So I’ve been converting a bunch of our jobs over to CircleCI, and with most of the smaller, simplistic jobs I’ve been impressed, the speed increase has been good, despite the complexity of the build config.
However in converting our app builds over, It’s taken me days, and I keep hitting roadblocks. My conclusion after 3 days (and a broken build) is that CircleCI 2.0 isn’t actually a good tool for testing a ‘dockerised’ application, at all.
This is largely due to the restriction of having a remote docker executor. It’s a huge hinderance, and I’ll try to explain why:
Our setup looks like this:
[ api ],
[ database ],
[ client ]
[ circleci java-container with browsers ]
In the ideal world:
First we run unit tests.
Then we build an image
Then we run functional tests against the image
Then we push the image to the docker repository
As with any good build you should run tests against a built product and deploy that product at the end.
And herein lies the first problem. We’re building a docker image between unit tests and functional tests. It makes sense to have two separate jobs for that, within a workflow.
You can’t build an image and then use it in the next job without pushing it to an external registry.
You can’t push to an external registry without giving it a unique tag otherwise a later build might overwrite it between steps.
You can’t delete tags in a registry, not without a lot of brittle, fragile, api hacking.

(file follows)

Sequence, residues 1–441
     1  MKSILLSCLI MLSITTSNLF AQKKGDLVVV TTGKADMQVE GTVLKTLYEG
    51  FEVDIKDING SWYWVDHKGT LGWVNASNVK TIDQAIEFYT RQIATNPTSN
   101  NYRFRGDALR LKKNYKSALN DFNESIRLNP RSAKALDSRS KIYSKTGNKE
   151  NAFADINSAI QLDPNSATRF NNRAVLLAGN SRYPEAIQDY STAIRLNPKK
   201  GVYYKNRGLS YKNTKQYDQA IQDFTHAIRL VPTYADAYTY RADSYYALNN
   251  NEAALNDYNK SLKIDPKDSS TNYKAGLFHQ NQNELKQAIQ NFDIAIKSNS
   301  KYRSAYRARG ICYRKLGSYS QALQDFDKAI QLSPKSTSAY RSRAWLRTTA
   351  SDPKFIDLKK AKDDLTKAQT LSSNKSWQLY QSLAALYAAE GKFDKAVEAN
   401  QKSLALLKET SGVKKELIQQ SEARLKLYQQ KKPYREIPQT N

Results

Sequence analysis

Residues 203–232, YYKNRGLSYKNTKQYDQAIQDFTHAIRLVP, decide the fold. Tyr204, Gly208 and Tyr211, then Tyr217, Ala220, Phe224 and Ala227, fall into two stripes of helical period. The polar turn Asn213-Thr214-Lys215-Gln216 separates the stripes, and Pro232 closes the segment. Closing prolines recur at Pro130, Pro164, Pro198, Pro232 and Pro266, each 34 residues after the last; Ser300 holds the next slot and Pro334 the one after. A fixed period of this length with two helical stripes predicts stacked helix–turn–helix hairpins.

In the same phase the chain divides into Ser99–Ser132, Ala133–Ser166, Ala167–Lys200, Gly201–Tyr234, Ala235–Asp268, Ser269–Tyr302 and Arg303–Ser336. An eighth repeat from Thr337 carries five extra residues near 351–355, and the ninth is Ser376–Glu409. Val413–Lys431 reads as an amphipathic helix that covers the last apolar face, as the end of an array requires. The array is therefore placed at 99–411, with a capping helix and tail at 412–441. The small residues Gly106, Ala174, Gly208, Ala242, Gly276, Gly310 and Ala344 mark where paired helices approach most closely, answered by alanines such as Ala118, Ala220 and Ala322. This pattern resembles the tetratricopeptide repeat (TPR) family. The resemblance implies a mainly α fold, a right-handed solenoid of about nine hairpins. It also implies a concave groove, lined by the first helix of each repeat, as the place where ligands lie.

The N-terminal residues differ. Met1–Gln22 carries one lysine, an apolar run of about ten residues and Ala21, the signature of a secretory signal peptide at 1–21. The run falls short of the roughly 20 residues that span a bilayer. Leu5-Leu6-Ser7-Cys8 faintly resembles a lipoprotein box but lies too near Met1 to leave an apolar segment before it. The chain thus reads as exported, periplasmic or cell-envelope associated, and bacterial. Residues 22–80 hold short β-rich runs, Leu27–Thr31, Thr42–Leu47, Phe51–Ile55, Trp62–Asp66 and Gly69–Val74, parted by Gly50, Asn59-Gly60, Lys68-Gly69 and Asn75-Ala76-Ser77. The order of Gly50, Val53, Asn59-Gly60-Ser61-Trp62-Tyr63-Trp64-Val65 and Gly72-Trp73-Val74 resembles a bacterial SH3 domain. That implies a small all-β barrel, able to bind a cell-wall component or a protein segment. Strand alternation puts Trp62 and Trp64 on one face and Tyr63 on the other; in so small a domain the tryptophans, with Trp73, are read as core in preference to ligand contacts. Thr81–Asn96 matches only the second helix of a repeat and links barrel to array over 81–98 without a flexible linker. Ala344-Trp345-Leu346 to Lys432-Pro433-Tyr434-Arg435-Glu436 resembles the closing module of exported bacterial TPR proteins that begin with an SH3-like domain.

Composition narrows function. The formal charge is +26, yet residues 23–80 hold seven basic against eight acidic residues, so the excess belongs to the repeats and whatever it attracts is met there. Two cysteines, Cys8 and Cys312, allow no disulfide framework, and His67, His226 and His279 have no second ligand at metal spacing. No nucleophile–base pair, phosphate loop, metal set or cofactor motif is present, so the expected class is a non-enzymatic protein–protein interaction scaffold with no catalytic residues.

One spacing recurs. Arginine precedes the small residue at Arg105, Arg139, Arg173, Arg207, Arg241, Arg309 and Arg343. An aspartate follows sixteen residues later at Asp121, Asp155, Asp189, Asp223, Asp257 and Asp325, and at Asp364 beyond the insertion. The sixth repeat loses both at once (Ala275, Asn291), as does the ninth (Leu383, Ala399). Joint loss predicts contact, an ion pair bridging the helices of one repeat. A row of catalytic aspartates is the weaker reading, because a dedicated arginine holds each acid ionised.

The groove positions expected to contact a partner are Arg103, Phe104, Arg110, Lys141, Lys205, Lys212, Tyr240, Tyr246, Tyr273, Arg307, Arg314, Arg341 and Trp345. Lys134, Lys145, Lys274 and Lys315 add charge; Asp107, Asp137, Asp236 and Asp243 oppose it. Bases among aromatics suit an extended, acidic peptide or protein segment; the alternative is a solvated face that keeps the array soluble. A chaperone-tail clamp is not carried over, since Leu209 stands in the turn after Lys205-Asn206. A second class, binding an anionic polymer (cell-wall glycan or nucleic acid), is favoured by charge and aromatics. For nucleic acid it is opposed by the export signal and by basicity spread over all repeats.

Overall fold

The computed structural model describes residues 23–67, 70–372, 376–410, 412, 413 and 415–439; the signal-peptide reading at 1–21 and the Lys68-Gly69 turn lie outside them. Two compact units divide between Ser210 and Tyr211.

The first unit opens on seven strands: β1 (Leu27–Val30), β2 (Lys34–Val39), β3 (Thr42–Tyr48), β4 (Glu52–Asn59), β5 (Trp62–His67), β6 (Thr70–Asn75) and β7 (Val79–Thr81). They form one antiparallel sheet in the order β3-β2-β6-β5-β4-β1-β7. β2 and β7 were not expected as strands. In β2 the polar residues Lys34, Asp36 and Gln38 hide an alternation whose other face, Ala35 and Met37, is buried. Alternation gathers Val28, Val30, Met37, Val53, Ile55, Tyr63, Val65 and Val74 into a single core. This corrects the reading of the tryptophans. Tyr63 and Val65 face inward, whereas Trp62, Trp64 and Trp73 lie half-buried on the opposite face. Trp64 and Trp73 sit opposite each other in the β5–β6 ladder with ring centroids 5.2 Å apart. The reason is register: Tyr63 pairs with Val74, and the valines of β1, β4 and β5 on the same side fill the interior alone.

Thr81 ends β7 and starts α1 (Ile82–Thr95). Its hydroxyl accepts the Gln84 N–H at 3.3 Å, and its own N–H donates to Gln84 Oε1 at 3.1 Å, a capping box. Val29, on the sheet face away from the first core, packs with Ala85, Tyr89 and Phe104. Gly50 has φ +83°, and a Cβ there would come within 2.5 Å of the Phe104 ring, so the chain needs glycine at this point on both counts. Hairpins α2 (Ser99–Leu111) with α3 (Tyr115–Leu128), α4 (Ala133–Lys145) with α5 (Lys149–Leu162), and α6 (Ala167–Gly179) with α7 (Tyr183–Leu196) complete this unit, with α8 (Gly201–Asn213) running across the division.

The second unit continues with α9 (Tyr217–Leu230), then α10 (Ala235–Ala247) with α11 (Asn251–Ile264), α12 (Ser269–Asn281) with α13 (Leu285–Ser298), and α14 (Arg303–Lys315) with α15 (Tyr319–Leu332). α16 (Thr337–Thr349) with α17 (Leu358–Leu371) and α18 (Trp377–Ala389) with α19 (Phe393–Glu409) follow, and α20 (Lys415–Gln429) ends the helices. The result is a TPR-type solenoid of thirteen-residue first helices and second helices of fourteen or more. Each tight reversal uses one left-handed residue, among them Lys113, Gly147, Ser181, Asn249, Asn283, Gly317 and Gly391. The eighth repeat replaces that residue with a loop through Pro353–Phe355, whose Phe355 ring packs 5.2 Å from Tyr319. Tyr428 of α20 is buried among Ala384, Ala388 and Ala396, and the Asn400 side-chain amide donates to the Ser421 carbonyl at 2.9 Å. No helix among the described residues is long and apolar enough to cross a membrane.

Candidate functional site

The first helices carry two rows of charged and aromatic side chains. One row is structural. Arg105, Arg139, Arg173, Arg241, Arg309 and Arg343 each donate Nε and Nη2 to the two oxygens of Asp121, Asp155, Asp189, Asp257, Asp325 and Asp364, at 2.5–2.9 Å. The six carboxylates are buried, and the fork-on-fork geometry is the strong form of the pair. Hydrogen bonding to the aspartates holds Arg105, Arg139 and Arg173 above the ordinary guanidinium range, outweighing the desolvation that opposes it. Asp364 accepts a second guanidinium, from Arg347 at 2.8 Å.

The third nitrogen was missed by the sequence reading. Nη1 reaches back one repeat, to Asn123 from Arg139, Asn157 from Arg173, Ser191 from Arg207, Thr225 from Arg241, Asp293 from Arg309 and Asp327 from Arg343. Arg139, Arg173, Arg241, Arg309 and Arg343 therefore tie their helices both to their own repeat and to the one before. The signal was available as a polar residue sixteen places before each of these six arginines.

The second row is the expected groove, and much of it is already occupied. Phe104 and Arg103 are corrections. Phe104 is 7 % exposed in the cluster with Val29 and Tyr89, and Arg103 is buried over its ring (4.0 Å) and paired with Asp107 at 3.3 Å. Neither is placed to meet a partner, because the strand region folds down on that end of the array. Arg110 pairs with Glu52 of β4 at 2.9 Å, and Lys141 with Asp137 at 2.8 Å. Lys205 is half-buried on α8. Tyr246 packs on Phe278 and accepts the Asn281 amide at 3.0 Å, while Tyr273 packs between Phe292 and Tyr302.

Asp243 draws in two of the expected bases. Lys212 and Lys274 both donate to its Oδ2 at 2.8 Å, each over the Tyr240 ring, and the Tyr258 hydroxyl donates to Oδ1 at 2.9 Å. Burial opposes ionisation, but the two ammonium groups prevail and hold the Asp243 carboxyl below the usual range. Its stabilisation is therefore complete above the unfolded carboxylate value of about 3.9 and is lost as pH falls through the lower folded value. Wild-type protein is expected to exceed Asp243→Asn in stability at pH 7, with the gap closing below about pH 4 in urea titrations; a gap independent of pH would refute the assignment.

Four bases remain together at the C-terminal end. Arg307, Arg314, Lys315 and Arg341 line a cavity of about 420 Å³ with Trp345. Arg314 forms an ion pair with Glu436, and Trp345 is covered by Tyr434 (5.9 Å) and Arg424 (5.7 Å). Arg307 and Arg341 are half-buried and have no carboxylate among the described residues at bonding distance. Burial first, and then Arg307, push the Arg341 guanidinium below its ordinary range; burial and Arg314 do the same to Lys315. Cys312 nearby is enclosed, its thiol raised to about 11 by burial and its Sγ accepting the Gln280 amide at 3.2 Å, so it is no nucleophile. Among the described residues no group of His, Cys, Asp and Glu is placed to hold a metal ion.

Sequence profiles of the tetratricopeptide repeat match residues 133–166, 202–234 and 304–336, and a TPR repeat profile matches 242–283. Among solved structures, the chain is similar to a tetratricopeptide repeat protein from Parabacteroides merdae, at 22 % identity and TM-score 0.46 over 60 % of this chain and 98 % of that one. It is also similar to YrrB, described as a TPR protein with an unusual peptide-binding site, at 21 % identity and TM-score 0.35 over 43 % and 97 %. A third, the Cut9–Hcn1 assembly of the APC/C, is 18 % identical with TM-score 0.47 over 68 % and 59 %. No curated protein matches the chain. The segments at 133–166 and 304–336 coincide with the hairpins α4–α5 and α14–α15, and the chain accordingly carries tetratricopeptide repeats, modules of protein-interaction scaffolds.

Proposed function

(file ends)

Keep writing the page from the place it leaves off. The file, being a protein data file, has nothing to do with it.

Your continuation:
You shouldn’t use an external registry for 'temporary build assets’
You end up rebuilding the image in each workflow stage
But that means persisting ALL the source code at the end of each stage.
Circle’s Persisting step won’t even let you do that - it encourages specific asset persistence
Running functional tests against a composed (or dockerised) application.
It’s extremely difficult and ugly to test a dockerised application.
You can’t run up your built image from a previous step as part of the main build script, as it doesn’t exist
You have to push it externally, and then circle will pull it - but that has the same issues as in Scenario 1.
You can’t run it as part of the build or part of a compose script because it can’t see the main images (like db, etc) - you can compose all your images so that they can see eachother, BUT:
In a composed environment as part of the build, you can’t access the exposed TCP ports from the build container.
Running tests in a container is a solution but you can’t mount volumes to get your test results out, so there are no test results.
So, all in all, I’ve spent 3 days and I’m very unhappy with the solution I’ve had to come up with in order to make the build work. CircleCI 1.0 is significantly simpler and better at testing against a dockerised application, albeit slightly slower. I say slightly, because CCI 2.0 is only a minute faster overall.